Zip ties.
Bingo. The other option is to use a paint strainer bag. Those are long enough where you can hold the other end with your hand so it stays on the racking cane/autosiphon.

I also find that if you get enough gunk on the end of your racking cane it can break the siphon. I usually keep moving the tip in a figure-8 to keep it from getting too thick on the bag.

The Pub / Re: Baseball 2014
« on: July 31, 2014, 08:41:07 AM »
Mark, see if you can track down a copy of "Watching Baseball" by Jerry Remy. Having never played, or even watched much baseball when I was younger, it is a fantastic reference to the nuances in the game that you wouldn't know to look for otherwise. It definitely will help your baseball IQ, and make the game a lot more interesting to watch. I read it every year or two at the start of baseball season.

Beer Recipes / Re: English Summer Ale
« on: July 31, 2014, 07:11:07 AM »
Thanks for the post, Mark. I have to admit, I hadn't given this style a second thought until I saw your post. But the thought of EKGs plus Galaxy really intrigues me. Now I think I may have to brew one to step up a pitch for my next ESB. Not sure whether I'm going to go with WLP002 or WLP013 yet.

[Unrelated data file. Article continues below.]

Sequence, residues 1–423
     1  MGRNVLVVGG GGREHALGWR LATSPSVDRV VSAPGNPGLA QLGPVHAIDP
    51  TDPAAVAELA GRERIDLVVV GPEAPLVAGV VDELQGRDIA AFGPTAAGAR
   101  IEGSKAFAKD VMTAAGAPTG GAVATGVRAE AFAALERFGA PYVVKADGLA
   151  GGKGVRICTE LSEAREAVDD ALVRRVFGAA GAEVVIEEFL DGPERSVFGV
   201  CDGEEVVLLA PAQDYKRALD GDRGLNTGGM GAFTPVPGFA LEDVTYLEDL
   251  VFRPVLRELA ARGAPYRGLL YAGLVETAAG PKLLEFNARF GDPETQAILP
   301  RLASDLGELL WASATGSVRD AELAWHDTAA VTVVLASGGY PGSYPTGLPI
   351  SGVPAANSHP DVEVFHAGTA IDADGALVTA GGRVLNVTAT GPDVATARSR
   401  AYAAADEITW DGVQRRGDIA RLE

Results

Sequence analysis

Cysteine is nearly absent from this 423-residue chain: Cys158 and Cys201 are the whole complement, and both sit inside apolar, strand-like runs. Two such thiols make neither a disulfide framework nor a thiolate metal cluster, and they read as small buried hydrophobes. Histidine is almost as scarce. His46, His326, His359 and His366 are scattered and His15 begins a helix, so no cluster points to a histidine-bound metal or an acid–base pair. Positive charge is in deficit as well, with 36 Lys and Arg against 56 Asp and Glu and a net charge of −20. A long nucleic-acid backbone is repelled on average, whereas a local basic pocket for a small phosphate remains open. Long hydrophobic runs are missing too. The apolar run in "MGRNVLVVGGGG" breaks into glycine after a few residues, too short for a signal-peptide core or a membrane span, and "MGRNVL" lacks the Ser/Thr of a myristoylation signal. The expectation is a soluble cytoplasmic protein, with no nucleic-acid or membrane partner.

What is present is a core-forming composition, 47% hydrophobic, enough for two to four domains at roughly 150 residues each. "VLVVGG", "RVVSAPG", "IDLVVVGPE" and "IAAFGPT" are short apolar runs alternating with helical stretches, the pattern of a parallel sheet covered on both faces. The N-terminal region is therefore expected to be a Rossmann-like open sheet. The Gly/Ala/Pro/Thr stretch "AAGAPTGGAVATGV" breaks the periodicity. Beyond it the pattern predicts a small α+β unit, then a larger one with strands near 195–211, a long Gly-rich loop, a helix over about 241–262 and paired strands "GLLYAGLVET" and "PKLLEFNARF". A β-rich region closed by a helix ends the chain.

Yeast and Fermentation / Re: Barleywine Yeast Suggestions
« on: July 30, 2014, 09:36:48 PM »
Maybe there's a bit of semantics at play here on the concept of dryness. I think most of us are using the definition as "lack of sweetness" as opposed to a literal drying sensation on the palate. If you have the same amount of residual sugar in two similar beers, then the dryness level would pretty much be the same.

And I definitely agree with the statement that alcohol can leave the impression of sweetness. And I'm not the only one who thinks so:

Yeast and Fermentation / Re: Fermenting in a corney keg
« on: July 30, 2014, 12:15:21 PM »
Thanks for the good replies.  Another question, I am using White 833 German Bock Yeast.  Should I start fermentation at room temp and then move to fridge?  Or just start it in the fridge?
It's best to pitch the yeast at or below your planned fermentation temperature. Put the fermenter in the fridge over night to let it cool down to the upper 40's or low 50's, then aerate and pitch.

+2 My SOP for lagers is to cool the wort to 45F, pitch, then set my fermentation chamber to 50 to start.